The request from the House’s impeachment managers comes just five days before Trump is set to be put on trial on a charge of inciting the Jan. 6 insurrection at the Capitol, which left five people dead.
Raskin specifically asked that Trump testify sometime next week, between Monday and Thursday. The trial is slated to begin on Tuesday and is expected to last around one week.
Bruce Castor and David Schoen, Trump’s lawyers for the trial, did not immediately respond to requests for comment.
Trump is not likely to accept the House managers’ invitation. If he declines, Raskin wrote, “we reserve any and all rights, including the right to establish at trial that your refusal to testify supports a strong adverse inference regarding your actions (and inaction) on January 6, 2021.”
A senior aide on the House impeachment team said the request for Trump’s testimony came in response to claims by Castor and Schoen earlier this week that the former president never “intended to interfere with the counting of Electoral votes” on Jan. 6, and never “made any effort to subvert the certification of the results of the 2020 presidential election.”
Trump for weeks lodged unsubstantiated claims about widespread voter fraud in swing states where Biden won, culminating in his speech to supporters the morning of Jan. 6, when he urged them to “fight like hell.”
The House impeachment managers have remained tight-lipped about their plans for potential witness testimony as part of the trial, while many Senate Democrats have suggested in recent weeks that witnesses are not necessary in order to prove that Trump deserves to be convicted.
But conviction, which requires the support of two-thirds of the chamber, will be a tough sell for the impeachment managers, especially after 45 GOP senators voted last week to declare that putting a former president on trial is unconstitutional.
But Speaker Nancy Pelosi and other top Democrats have said repeatedly that they do not consider Trump’s acquittal to be guaranteed, as they continue to apply pressure on Senate Republicans.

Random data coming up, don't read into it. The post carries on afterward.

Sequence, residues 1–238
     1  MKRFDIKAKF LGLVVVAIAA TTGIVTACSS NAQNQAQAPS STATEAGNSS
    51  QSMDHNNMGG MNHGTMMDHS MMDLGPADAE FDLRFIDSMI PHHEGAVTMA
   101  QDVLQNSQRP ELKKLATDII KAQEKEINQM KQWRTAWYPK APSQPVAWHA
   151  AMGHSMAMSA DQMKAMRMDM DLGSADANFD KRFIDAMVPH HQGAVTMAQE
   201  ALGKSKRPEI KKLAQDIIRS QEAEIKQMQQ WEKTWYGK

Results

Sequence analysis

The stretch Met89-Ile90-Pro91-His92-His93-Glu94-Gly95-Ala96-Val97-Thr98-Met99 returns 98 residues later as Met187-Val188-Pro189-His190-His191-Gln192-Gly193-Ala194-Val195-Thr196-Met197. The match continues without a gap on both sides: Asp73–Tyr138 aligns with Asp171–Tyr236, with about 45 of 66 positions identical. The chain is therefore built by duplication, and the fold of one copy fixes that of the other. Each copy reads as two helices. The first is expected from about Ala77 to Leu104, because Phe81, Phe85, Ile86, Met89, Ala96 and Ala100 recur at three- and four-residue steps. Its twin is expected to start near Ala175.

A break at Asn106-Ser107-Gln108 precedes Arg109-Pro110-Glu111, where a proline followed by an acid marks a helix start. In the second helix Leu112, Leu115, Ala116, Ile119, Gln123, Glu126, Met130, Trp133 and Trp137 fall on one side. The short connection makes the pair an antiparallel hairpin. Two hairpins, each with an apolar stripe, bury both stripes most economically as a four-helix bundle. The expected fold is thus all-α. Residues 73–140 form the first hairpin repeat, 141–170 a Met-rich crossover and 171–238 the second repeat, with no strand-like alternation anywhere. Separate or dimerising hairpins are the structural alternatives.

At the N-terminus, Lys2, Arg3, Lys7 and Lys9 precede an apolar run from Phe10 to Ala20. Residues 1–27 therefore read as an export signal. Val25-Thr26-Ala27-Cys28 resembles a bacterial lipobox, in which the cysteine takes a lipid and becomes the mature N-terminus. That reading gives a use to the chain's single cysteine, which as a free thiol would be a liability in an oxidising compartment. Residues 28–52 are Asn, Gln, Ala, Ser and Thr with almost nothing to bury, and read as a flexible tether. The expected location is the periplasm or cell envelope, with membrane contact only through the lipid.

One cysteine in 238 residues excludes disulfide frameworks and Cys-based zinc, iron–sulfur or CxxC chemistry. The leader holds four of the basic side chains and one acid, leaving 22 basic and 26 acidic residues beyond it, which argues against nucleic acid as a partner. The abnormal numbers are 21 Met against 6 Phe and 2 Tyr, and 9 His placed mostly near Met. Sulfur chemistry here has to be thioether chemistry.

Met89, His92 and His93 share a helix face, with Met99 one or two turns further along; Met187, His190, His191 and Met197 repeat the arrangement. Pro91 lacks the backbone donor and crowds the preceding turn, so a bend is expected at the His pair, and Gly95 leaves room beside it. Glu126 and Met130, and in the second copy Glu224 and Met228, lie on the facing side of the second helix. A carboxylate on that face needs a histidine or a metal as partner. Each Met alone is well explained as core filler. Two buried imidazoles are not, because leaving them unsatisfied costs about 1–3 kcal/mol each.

“They don’t know that. They haven’t heard the case,” Pelosi told reporters Thursday when asked about Trump’s likely fate. “We’ll see if it’s going to be a Senate of cowards or courage.”
Pelosi also firmly rejected arguments from some observers, who have asked why Democrats should bother with a trial after Trump is already gone from office.
“‘Why bother?’ Ask our founders why bother,” Pelosi told reporters. “We cannot go forward until we have justice.”
The group of Democratic managers — handpicked by Pelosi to make the case against Trump — have been meeting almost daily for weeks to hone their arguments. Those Democrats have been notably silent on the case they plan to present, aside from an initial pre-trial filing earlier this week.
Pelosi herself deflected questions about witnesses earlier Thursday, telling reporters: “The world were witnesses to this, so we’ll see. I have no idea how our managers will proceed.”
In its filing earlier this. week, the House managers said Trump bears “unmistakable” responsibility for the violent attack on the Capitol, which came while lawmakers were voting to certify Biden’s victory in the Electoral College.
“President Trump’s pursuit of power at all costs is a betrayal of historic proportions,” the managers wrote. “It requires his conviction.”